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Professor John Irvine
e-mail: tel: 01334 463817

Research Interests: Energy, sustainability, fuel cells, SOFC, hydrogen, renewable fuels, solid state chemistry, electrochemistry, ceramics, materials

By 2050 cheap oil will no longer be available and Europe's internal reserves will be exhausted. An increasing proportion of primary energy production will be from renewables such as solar, wind, tidal and biomass possibly supplemented by nuclear, natural gas and coal. We must rely on new energy carriers such as hydrogen, biogas or synfuels and liquid biofuels. These carriers will complement electricity as energy vectors, enabling some degree of energy efficiency optimisation, both on a local and a larger scale. A decentralised electricity generation infrastructure powered by a broad spectrum of renewable and clean technologies with a strong fuel cell component will have been created. The power network will largely be based upon self-contained nodes, each consisting of renewable and/or fuel cell systems. The advantages of this decentralised system arise from lower transmission losses, higher total energy efficiency and improved energy security. These nodes will be supported by a high value network powered by advanced thermal or nuclear systems, hydropower, buffered wind power and fuel cell systems.

Flowchart showing fuel cell placement in new energy economyOur role is to develop high temperature electrochemical technologies to enable the efficient introduction of this new energy economy. We seek to optimise current fuel cell technology improving durability and stability and reducing cost of manufacture to enable widespread introduction. We are developing new anode formulations to enable efficient utilisation of more complex fuels, ranging from natural gas and LPG through biogas to liquid biofuels and biomass. Efficient utilisation of biomass is central to the new energy economy and this will be achieved by a range of mechanisms. Fuel cell technology is a particularly important enabler for biomass utilisation offering high efficiencies of conversion in fairly small unit sizes and is essential to the new distributed energy economy.

Solid Oxide Fuel Cell HRTEM images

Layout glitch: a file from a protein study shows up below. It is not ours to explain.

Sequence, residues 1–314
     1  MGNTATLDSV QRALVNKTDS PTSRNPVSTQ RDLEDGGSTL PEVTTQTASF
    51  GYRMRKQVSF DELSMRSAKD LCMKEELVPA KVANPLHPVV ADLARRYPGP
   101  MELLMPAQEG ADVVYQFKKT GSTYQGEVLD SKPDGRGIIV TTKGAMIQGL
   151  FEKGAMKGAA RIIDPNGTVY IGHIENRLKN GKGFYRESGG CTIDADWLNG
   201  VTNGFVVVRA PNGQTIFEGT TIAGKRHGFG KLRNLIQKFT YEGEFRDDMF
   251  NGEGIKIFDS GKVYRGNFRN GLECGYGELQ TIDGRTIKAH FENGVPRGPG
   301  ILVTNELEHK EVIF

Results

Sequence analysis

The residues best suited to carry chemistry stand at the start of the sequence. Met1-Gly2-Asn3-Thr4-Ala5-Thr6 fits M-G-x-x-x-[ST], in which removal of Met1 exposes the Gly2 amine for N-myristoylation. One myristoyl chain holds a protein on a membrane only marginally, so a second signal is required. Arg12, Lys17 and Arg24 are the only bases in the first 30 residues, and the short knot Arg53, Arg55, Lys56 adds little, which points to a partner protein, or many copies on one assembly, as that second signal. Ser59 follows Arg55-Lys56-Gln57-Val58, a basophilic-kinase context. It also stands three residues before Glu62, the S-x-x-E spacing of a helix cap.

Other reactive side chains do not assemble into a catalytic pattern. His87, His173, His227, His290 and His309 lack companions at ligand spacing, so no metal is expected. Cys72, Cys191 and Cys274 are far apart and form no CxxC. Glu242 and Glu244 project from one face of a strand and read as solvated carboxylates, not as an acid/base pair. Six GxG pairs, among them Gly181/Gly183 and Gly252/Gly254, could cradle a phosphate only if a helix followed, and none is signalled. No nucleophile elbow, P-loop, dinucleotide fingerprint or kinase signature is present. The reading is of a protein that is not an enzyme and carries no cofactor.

HRTEM images (top) of samples from the “La4Srn-4TinO3n+2” series varying from ordered extended planar oxygen excess defects (1, n = 5) through random layers of extended defects (2, n = 8) to disordered extended defects (3, n = 12).


Solid Oxide Fuel Cells seem certain to make a significant contribution to the future energy economy in 5-10 years, if good technological progress can be maintained; however, we only see this as one manifestation of this technology. Future development relates to efficient electrolysis, novel systems and carbon neutral fuel production. Efficient electrolysis to produce clean hydrogen is of key importance to the possibility of utilising renewable energy in transport. Similarly reversible fuel cells with careful thermal management can provide good buffering for intermittent power supplies.



  1. A Stable, Easily Sintered Proton Conducting Oxide Electrolyte for Moderate Temperature Fuel Cells and Electrolysers, JTS Irvine, S Tao, Advanced Materials, 18, 2006, 1581-1584.
  2. A symmetrical solid oxide fuel cell demonstrating redox stable perovskite electrodes, DM Bastidas, S Tao and JTS Irvine, J Mater. Chem., 16, 2006, 1603-1605.
  3. Advanced Anodes for High Temperature Fuel Cells, A. Atkinson , S Barnett, R.J. Gorte, J.T.S. Irvine , A.J. McEvoy, M. Mogensen, C. Singhal , J.Vohs, Nature Materials, 2004, 3, 17-27.
  4. A Redox-Stable, Efficient Anode For Solid-Oxide Fuel Cells, S. Tao and J.T.S. Irvine, Nature Materials, 2003, 2, 320-323.
  5. Disruption of extended defects in solid oxide fuel cell anodes for methane oxidation JC Ruiz-Morales1, J Canales-Vasquez, C Savaniu, D Marrero-Lopez, Wuzong Zhou and JTS Irvine, Nature, 439, 2006, 568-571.
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